Located at the spectacular North Head near Manly, within 30 acres of Sydney Harbour National Park, the Q Station has a dark past entrenched in the isolation, suffering and disease when it was operated as a quarantine post. Today, the site offers visitors combinations of beautiful heritage sites, stylish accommodation, and some of the city's most breathtaking views.
There a range of history, educational, ghost and paranormal tours available, as well as overnight stays in the historic cottages.
According to the Q Station's medium, there are least fifty spirits wandering the hospital, dining halls, show block, and morgue, where an ominous mannequin lies under a white sheet to awaken the imagination. Click here for the website.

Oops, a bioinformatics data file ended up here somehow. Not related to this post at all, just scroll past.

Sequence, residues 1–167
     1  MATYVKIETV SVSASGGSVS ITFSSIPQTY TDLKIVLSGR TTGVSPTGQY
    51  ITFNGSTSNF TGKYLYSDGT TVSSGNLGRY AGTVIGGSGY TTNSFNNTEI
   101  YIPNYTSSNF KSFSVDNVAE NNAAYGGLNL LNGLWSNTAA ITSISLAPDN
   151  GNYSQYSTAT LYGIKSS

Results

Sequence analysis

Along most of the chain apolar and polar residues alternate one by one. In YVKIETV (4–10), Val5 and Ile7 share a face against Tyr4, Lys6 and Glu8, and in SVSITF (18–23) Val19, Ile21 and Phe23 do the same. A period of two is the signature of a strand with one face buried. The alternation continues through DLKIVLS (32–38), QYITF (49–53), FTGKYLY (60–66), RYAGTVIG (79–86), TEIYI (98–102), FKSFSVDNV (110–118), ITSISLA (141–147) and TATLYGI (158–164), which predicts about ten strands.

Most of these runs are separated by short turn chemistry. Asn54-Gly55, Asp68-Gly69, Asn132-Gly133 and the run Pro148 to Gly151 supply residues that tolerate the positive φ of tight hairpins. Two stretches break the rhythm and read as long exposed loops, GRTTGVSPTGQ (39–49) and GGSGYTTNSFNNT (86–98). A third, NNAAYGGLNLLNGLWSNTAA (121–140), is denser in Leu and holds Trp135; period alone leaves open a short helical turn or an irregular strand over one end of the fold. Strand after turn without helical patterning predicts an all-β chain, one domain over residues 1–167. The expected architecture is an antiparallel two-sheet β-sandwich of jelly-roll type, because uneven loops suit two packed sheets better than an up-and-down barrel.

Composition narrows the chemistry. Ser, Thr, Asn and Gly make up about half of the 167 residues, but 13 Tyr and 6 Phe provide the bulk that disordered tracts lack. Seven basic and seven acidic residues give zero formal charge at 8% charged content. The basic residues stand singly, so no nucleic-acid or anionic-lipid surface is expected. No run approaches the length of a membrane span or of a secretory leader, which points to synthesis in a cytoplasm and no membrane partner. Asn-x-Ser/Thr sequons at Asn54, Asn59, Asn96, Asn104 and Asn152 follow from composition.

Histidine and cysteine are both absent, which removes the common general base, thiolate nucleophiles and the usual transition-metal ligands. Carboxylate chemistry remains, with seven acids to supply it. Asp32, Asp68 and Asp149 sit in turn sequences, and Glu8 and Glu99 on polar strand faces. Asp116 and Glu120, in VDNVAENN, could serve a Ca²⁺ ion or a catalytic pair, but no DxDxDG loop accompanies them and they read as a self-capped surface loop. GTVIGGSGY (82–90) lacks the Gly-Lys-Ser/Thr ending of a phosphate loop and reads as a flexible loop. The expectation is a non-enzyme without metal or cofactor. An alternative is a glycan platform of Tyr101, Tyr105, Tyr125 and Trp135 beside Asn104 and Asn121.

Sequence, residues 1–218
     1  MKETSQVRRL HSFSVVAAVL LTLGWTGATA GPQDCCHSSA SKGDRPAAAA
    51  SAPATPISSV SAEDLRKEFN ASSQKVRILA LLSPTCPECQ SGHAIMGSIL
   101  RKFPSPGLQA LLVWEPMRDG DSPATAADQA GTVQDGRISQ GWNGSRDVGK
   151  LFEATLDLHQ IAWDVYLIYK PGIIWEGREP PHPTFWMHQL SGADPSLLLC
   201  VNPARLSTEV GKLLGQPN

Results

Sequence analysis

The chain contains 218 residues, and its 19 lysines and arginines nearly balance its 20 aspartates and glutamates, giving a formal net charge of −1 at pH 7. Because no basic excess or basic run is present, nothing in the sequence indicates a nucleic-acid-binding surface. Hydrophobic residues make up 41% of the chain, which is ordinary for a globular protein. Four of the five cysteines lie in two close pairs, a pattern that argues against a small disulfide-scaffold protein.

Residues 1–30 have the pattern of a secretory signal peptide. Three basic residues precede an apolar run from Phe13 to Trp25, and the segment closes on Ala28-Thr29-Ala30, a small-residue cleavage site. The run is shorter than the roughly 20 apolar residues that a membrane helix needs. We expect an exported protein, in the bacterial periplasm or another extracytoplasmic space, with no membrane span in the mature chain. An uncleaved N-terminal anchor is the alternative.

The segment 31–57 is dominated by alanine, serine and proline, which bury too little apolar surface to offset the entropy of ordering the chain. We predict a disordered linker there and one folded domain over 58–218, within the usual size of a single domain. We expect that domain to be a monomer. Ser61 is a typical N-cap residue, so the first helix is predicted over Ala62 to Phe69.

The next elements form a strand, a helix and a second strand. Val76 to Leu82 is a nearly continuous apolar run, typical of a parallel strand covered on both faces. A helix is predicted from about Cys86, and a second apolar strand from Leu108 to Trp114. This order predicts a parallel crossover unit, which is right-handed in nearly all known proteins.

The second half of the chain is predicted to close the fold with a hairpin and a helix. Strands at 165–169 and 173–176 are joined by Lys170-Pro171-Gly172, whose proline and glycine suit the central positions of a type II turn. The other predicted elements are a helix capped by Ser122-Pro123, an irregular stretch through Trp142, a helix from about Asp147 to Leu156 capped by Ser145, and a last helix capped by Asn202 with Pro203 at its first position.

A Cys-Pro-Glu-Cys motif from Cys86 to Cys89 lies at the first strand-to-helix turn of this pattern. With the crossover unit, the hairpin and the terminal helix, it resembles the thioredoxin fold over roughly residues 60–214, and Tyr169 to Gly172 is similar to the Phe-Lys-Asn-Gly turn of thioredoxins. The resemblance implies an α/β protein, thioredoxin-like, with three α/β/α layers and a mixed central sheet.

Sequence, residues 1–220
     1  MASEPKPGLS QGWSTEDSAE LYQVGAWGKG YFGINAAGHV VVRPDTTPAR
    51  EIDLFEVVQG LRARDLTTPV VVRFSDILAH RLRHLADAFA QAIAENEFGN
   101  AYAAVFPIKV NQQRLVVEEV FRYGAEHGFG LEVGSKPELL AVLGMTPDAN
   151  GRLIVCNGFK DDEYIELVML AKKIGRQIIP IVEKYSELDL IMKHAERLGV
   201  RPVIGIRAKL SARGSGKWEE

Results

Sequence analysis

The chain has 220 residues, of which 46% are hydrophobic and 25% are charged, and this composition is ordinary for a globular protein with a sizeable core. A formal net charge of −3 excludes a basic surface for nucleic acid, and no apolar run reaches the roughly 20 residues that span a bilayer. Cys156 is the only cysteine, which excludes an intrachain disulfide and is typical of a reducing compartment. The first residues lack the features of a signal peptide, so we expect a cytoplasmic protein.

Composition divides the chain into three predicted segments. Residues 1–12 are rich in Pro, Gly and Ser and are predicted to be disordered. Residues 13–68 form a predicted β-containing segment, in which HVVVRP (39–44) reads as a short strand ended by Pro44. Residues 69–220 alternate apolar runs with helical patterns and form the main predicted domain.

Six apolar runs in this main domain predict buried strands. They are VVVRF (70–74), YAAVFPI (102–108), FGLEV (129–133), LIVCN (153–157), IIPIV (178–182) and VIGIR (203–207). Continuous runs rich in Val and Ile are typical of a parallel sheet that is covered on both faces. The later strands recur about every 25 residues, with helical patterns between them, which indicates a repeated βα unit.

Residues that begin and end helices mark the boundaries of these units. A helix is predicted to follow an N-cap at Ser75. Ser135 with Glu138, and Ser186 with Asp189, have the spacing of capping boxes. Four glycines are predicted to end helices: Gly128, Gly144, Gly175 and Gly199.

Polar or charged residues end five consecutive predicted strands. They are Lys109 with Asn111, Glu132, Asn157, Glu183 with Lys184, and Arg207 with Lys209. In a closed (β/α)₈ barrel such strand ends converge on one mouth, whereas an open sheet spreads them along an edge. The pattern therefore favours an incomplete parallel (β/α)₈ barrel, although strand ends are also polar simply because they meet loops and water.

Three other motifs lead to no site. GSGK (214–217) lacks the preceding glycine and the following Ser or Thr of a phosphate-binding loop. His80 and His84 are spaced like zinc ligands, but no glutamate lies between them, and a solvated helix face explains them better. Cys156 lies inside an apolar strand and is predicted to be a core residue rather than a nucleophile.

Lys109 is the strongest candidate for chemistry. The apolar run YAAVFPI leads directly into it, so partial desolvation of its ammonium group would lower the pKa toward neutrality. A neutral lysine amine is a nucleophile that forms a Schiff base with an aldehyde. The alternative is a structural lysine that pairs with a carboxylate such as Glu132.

Situated in the Blue Mountains, Jenolan Caves are Australia's most impressive limestone caves as well as being one of the largest cave systems in the world. There are 11 caves that are opened to the public. Tours include exploring dark chambers, underground rivers, and awe-inspiring cave formations.
The local Gundungurra people name Jenolan as 'Binoomea' which means 'the dark place' and a number of ghostly tales have emerged over the years most connected to James Wiburd- he loved the place so much, that he chose to never leave, lingering permanently to keep an eye on things.
This small quaint town on the south-west of Sydney is reputedly Australia's most haunted town. It was initially known as Stonequarry and founded in 1821. It is home to the infamous Redbank Range Railway Tunnel.
The tunnel is packed with tragedy and history and continues to haunt the town to this day.